William P. Holocaust testimony (HVT-3191) interviewed by Dana L. Kline and Helen Katz
- New Haven, Conn. : Fortunoff Video Archive for Holocaust Testimonies, 1997
- Interview Date
- March 25, 1997.
- 3 copies: Betacam SP master; 3/4 in. dub; and 1/2 in. VHS with time coding.
- Cite As
- William P. Holocaust Testimony (HVT-3191). Fortunoff Video Archive for Holocaust Testimonies, Yale University Library.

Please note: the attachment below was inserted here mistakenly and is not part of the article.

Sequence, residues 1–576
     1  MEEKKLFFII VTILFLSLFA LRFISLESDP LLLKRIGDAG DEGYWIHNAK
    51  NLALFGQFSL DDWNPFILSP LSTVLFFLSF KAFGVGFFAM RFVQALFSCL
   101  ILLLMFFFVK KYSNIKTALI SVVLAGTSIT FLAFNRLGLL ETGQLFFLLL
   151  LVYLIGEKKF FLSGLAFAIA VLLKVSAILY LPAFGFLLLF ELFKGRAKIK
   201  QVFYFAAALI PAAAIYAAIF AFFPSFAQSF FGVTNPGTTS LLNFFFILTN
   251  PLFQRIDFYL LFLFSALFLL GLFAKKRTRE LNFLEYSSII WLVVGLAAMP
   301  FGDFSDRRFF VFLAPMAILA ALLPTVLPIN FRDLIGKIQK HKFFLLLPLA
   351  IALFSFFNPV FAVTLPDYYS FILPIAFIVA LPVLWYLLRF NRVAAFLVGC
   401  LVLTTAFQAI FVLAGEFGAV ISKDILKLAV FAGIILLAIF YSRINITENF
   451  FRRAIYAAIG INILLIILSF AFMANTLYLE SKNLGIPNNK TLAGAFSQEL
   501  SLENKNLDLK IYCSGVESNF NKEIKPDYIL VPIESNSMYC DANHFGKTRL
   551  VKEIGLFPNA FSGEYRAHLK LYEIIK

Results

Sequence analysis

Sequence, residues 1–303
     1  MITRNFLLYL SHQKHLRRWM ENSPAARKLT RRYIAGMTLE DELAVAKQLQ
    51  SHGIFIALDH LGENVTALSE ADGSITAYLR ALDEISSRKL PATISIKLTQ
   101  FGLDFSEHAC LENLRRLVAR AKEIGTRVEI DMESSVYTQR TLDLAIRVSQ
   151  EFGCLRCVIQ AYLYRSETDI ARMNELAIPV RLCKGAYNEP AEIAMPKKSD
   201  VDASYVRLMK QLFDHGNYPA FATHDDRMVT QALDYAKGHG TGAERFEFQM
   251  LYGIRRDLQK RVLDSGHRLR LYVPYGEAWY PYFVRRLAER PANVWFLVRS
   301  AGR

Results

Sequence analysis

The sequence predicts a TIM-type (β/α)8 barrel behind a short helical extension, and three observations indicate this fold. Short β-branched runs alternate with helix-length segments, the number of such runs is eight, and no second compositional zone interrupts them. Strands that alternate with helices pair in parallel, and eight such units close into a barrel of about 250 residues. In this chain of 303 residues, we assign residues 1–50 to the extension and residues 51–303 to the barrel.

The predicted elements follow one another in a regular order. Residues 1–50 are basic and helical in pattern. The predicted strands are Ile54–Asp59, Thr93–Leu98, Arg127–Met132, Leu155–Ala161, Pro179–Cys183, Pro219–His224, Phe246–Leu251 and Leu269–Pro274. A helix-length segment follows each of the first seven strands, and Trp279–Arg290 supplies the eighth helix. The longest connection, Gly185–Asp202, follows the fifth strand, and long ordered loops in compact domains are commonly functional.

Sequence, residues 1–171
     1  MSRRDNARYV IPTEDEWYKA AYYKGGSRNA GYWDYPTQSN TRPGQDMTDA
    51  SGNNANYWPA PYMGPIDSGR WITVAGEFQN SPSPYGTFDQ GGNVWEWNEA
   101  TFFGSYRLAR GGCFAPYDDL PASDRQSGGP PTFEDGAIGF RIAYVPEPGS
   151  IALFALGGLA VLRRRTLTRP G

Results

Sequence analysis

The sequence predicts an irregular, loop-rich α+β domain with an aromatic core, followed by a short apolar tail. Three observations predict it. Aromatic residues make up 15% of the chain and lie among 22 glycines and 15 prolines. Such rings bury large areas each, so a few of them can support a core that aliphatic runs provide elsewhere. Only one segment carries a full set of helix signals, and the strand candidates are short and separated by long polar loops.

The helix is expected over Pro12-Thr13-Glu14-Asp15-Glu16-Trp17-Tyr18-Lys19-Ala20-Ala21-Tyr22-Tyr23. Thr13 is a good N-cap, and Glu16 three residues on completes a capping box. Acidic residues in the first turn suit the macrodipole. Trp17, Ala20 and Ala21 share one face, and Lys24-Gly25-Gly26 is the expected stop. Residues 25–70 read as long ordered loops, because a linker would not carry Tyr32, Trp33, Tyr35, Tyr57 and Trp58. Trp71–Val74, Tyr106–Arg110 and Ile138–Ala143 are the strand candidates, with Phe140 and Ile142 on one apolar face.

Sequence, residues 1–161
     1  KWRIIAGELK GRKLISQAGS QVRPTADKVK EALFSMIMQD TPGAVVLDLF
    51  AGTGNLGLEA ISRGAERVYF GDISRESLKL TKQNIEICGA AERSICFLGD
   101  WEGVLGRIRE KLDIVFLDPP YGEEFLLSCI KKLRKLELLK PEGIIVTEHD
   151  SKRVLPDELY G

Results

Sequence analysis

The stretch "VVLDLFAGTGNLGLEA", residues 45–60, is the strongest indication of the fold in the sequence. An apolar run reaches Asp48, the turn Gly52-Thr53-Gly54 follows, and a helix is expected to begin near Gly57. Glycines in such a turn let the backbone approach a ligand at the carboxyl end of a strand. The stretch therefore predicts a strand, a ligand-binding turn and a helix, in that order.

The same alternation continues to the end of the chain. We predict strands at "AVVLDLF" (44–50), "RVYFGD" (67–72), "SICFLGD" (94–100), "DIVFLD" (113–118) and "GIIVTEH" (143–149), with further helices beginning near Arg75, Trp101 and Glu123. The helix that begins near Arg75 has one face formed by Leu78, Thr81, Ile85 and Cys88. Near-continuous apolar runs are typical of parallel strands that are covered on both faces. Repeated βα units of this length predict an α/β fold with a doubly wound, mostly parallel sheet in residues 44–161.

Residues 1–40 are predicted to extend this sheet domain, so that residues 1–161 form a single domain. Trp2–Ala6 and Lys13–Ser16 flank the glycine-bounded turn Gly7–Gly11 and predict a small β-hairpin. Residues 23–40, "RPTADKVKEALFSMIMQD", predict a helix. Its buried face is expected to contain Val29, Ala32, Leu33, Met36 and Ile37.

Videotape testimony of William P., who was born in Częstochowa, Poland in 1923, one of eight children in an impoverished family. He recalls German invasion; forced farm labor in 1940; assistance from his brother; returning home; incarceration in a labor camp; escape; returning to Częstochowa; entering the ghetto; working as a tailor; deportation to Auschwitz; slave labor; liberation in 1945; recovering in Theresienstadt; returning to Częstochowa; hearing two brothers had survived; traveling to Warsaw, Poznań, Prague, Budapest, and Vienna; living in Salzburg; emigration to the United States in 1949; and marriage. Mr. P. discusses the importance to his survival of luck and always obeying orders; his sense of never knowing what was happening in the camps; the deaths of many relatives during the Holocaust; fears of sharing his experiences until 1955; and his surviving brothers' lives. He shows photographs.